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  1. How to file a Provisional Application for Patent for $125

    by , 10-31-2012 at 02:34 AM
    So you have an invention and you want to patent it and are thinking it will cost thousands of dollars so you do nothing..
    Then, if 2 years you see the EXACT same thing in Costco and curse yourself for not moving forward when you knew you should have.

    Think the US Government wants you to pay LOTS in Taxes? Well.. they do and this is EXACTLY why the US Patent office provides the Provisional Application for Patent, PPA, that lets you file a PPA for $125. They will let you play ...
  2. How to File a Patent for $125 on your own... Can it REALLY be done?

    by , 09-25-2012 at 11:28 PM
    OK.. Not really.. What I REALLY mean to say is you can file a Provisional Application for Patent, PPA, with the USPTO for $125.

    Visit this video based help page, shown in Yahoo Answers, that shows HOW to Patent Your Invention with the Provisional Application for Patent

    What this gives you is the coveted "Patent Pending" that the investors in "Shark Tank" insist on your having BEFORE they will entertain working with you. The reason they INSIST on ...
  3. Patent On The Cheap with the US Provisional Application for Patent for just $125

    by , 07-25-2012 at 06:13 PM
    Nearly every single person I know says at one time or another that they have or had, an invention. Some say they had an invention only to find out, years later, that someone "copied" their invention. Nope.. they just took action...

    The MAIN reason most of those folks do not take action to actually file a patent is they think it is too expensive to file a patent. What they do not realize is the Federal U.S. Patent and Trademark Office, USPTO, was "forced" by Congress ...
  4. Legal Blogging Liability FAQs

    by , 07-06-2012 at 04:59 PM


    This Legal Blogging Liability Overview is a set of FAQs which addresses common blogging issues of a legal nature which could affect your writing as a blogger, publisher, and most importantly in situations where you may have been sued or face some type of legal action regarding to information published on your blog.

    What do I do if I am sued for something that I blogged?

    Contact a good attorney (If you don't have an attorney already, or need help finding one, ...
  5. Obtaining Legal Help for Theft of Intellectual Property

    by , 03-29-2012 at 08:23 AM
    [B]First, What does Intellectual Property Refer to?
    [/B][COLOR=#000000][FONT=Times New Roman]
    Intellectual property is defined to include original works created by a single individual or also including groups. Some examples are original music, artwork, as well as books and other forms of writing. These are all types of intellectual property which have inherent ownership by their creator or creators. A company’s logo, product(s')' names, or their company name itself are intellectual property. ...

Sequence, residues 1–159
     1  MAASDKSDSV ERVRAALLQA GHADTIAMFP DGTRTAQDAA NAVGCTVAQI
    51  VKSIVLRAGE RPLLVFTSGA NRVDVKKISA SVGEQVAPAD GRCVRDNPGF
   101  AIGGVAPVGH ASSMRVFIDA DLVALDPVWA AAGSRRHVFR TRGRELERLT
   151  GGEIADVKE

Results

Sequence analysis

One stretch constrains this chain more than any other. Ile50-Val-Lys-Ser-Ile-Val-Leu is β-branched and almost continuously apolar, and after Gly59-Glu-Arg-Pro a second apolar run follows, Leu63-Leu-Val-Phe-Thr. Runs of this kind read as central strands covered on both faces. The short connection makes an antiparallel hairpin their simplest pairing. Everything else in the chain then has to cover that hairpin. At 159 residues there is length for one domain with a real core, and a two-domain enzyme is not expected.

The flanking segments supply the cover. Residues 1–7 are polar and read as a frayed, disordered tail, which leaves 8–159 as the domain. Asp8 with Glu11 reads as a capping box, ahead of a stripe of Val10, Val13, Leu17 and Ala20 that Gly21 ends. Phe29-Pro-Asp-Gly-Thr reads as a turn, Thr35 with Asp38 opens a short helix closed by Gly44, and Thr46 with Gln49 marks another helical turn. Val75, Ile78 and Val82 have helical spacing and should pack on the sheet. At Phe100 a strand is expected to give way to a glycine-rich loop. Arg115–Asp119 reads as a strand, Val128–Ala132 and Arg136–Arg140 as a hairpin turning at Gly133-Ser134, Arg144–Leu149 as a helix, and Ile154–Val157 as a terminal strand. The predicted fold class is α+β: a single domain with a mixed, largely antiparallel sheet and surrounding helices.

Updated 03-29-2012 at 08:26 AM by Goran Tepshic (fixing typos)

    Categories
    Intellectual Property , Copyrights
  6. Overview of Copyright Protection Law

    by , 08-24-2011 at 02:01 AM
    Copyright protection applies to any original work of authorship, fixed in a tangible medium of expression. Copyright law does not protect functional aspects of works as that falls to patent law. Copyright law cannot be used to protect any work of the United States Government, i.e. NASA pictures, Supreme Court opinions, or Navy battle plans. Any work prepared by an officer or employee of the United States Government as part of that person’s duties may not be copyrighted. Unlike patent law, here it ...
  7. Overview of Copyright Law

    by , 08-19-2011 at 12:46 AM
    Copyright protection applies to any original work of authorship, fixed in a tangible medium of expression. Copyright law does not protect functional aspects of works as that falls to patent law. Copyright law cannot be used to protect any work of the United States Government, i.e. NASA pictures, Supreme Court opinions, or Navy battle plans. Any work prepared by an officer or employee of the United States Government as part of that person’s duties may not be copyrighted. Unlike patent law, here it ...
  8. Copyright Frequently Asked Questions

    by , 08-19-2011 at 12:32 AM
    1) What is a copyright?

    A copyright gives a person ownership over the thing he/she creates. They cover literary works such as books, paintings, computer software, etc…. A copyright does not cover facts, ideas, processes (ex: directions or recipes), or unfixes works (ex: a “jam session” which isn’t recorded). Having a copyright gives the creator the right to control it.

    The creator/author is in charge of the reproduction, distribution, and adaptation of the work. ...